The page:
Introduction to computational biology through an informatics exploration of the human genome. Topics include: genome sequencing (technologies, assembly, personalized sequencing); functional landscape (genes, gene regulation, repeats, RNA genes, epigenetics); genome evolution (comparative genomics, ultraconservation, co-option). Additional topics may include population genetics, personalized genomics, and ancient DNA. Course includes primers on molecular biology, the UCSC Genome Browser, and text processing languages. Guest lectures from genomic researchers.
CS 273B: Deep Learning in Genomics and Biomedicine (BIOMEDIN 273B, GENE 236) Recent breakthroughs in high-throughput genomic and biomedical data are transforming biological sciences into "big data" disciplines. In parallel, progress in deep neural networks are revolutionizing fields such as image recognition, natural language processing and, more broadly, AI. This course explores the exciting intersection between these two advances. The course will start with introduction to deep learning and overview the relevant background in genomics and high-throughput biotechnology, focusing on the available data and their relevance. It will then cover the ongoing developments in deep learning (supervised, unsupervised and generative models) with the focus on the applications of these methods to biomedical data, which are beginning to produced dramatic results. In addition to predictive modeling, the course emphasizes how to visualize and extract interpretable, biological insights from such models. Recent papers from the literature will be presented and discussed. Students will work in groups on a final class project using real world datasets. Prerequisites: College calculus, linear algebra, basic probability and statistics such as CS109, and basic machine learning such as CS229. No prior knowledge of genomics is necessary.
CS 278: Systems Biology Complex biological behaviors through the integration of computational modeling and molecular biology. Topics: reconstructing biological networks from high-throughput data and knowledge bases. Network properties. Computational modeling of network behaviors at the small- and large-scale. Using model predictions to guide an experimental program. Robustness, noise, and cellular variation.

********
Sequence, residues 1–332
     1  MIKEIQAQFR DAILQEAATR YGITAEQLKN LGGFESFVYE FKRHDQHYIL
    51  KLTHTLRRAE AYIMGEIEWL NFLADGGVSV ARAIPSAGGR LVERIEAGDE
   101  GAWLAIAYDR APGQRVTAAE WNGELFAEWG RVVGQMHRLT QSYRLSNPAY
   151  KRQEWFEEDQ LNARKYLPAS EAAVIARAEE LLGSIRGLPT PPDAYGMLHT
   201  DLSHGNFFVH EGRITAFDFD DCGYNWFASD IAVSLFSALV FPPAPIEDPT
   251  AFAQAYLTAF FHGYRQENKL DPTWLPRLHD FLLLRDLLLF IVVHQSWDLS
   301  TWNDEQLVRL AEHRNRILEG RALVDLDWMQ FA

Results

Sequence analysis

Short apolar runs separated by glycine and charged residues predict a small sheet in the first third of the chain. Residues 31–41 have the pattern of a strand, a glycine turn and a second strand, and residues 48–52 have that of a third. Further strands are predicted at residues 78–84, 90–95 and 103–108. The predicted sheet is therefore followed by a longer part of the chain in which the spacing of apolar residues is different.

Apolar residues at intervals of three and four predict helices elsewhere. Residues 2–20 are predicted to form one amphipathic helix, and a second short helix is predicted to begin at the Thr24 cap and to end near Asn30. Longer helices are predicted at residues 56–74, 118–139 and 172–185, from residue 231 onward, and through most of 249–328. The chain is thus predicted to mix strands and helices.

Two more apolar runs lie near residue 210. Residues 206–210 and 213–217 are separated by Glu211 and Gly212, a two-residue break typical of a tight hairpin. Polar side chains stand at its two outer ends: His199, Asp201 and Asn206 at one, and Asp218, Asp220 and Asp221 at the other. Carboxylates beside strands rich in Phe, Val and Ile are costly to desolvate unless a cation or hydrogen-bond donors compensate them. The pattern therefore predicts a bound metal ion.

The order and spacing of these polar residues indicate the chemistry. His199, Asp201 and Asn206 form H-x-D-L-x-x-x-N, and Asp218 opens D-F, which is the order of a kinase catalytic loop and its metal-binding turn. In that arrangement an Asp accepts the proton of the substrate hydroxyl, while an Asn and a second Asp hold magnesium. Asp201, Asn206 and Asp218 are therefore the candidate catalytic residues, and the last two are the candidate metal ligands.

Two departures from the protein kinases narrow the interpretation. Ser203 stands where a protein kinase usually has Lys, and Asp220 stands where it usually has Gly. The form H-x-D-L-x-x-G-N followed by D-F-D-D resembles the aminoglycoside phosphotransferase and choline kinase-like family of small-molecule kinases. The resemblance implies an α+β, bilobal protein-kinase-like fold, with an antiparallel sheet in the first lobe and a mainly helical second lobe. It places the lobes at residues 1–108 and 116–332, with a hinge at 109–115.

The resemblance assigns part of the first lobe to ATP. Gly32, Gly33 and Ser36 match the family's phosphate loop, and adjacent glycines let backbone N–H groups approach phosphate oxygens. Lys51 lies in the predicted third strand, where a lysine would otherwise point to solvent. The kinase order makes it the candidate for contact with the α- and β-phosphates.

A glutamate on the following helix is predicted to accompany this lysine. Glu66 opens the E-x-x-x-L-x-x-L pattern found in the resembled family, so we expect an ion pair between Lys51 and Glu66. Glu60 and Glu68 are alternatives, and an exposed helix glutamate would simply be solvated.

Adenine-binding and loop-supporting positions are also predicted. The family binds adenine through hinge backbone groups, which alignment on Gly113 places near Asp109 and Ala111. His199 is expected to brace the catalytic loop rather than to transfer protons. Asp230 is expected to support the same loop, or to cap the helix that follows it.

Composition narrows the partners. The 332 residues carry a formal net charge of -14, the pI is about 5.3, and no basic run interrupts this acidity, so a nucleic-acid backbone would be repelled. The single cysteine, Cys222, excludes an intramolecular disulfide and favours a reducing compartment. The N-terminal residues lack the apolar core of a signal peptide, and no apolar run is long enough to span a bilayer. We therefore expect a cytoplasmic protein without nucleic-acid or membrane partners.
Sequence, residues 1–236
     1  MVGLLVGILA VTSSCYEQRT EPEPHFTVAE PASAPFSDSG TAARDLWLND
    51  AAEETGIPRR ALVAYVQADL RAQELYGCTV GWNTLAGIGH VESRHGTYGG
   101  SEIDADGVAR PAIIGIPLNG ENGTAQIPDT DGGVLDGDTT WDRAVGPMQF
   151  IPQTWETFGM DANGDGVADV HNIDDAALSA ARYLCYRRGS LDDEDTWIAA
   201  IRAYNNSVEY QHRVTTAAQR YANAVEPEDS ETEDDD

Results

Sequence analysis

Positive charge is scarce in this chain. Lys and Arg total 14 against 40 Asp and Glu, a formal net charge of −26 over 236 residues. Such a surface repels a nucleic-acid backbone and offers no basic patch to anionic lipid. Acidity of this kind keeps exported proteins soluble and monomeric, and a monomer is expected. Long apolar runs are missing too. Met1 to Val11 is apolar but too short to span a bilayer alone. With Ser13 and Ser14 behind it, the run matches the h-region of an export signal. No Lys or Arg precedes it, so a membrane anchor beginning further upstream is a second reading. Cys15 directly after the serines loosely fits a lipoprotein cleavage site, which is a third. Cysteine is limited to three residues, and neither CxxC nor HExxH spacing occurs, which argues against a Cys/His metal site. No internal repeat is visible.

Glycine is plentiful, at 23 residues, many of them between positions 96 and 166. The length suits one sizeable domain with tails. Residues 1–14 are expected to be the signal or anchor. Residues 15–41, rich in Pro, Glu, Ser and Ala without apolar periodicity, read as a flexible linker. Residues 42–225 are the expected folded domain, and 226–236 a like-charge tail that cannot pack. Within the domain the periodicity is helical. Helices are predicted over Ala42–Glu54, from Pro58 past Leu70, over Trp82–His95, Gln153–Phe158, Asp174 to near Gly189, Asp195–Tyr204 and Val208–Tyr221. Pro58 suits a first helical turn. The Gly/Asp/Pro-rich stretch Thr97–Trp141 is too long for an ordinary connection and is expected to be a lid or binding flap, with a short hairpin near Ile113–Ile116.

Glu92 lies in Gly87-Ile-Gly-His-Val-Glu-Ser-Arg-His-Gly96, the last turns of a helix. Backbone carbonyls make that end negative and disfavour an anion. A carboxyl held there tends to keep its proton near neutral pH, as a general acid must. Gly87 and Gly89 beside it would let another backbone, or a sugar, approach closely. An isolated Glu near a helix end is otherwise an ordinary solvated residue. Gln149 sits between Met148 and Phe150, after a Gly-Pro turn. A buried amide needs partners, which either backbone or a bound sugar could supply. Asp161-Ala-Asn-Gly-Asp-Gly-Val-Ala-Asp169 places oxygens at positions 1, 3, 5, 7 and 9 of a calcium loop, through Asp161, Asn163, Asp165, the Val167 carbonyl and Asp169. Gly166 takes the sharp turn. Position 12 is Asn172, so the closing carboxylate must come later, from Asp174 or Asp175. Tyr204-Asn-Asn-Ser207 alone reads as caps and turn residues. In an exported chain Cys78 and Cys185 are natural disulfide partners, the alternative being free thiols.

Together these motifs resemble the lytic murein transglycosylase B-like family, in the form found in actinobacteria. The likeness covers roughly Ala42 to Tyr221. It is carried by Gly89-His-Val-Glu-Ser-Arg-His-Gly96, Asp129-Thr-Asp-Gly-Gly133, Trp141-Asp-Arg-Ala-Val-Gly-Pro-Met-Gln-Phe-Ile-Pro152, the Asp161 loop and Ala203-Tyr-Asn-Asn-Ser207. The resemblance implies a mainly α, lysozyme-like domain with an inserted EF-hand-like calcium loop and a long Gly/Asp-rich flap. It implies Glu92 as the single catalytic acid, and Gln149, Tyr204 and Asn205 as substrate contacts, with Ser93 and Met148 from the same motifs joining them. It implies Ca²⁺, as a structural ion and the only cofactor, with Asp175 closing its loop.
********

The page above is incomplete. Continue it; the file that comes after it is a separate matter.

CS 374: Algorithms in Biology (BIOMEDIN 374)
Algorithms and computational models applied to molecular biology and genetics. Topics vary annually. Possible topics include biological sequence comparison, annotation of genes and other functional elements, molecular evolution, genome rearrangements, microarrays and gene regulation, protein folding and classification, molecular docking, RNA secondary structure, DNA computing, and self-assembly. May be repeated for credit.
GENE 244: Introduction to Statistical Genetics (STATS 344)
Statistical methods for analyzing human genetics studies of Mendelian disorders and common complex traits. Probable topics include: principles of population genetics; epidemiologic designs; familial aggregation; segregation analysis; linkage analysis; linkage-disequilibrium-based association mapping approaches; and genome-wide analysis based on high-throughput genotyping platforms.
STATS 345: Statistical and Machine Learning Methods for Genomics (BIO 268, BIOMEDIN 245, CS 373, GENE 245)
Computational algorithms for human genetics research. Topics include: permutation, bootstrap, expectation maximization, hidden Markov model, and Markov chain Monte Carlo. Rationales and techniques illustrated with existing implementations commonly used in population genetics research, disease association studies, and genomics analysis.
STATS 366: Modern Statistics for Modern Biology (BIOS 221)
Application based course in nonparametric statistics. Modern toolbox of visualization and statistical methods for the analysis of data, examples drawn from immunology, microbiology, cancer research and ecology. Methods covered include multivariate methods (PCA and extensions), sparse representations (trees, networks, contingency tables) as well as nonparametric testing (Bootstrap, permutation and Monte Carlo methods). Hands on, use R and cover many Bioconductor packages.
STATS 367: Statistical Models in Genetics
Statistical problems in association and linkage analysis of qualitative and quantitative traits in human and experimental populations; sequence alignment and analysis; population genetics/evolution (Wright-Fisher model, Kingman coalescent, models of nucleotide substitution); related computational algorithms.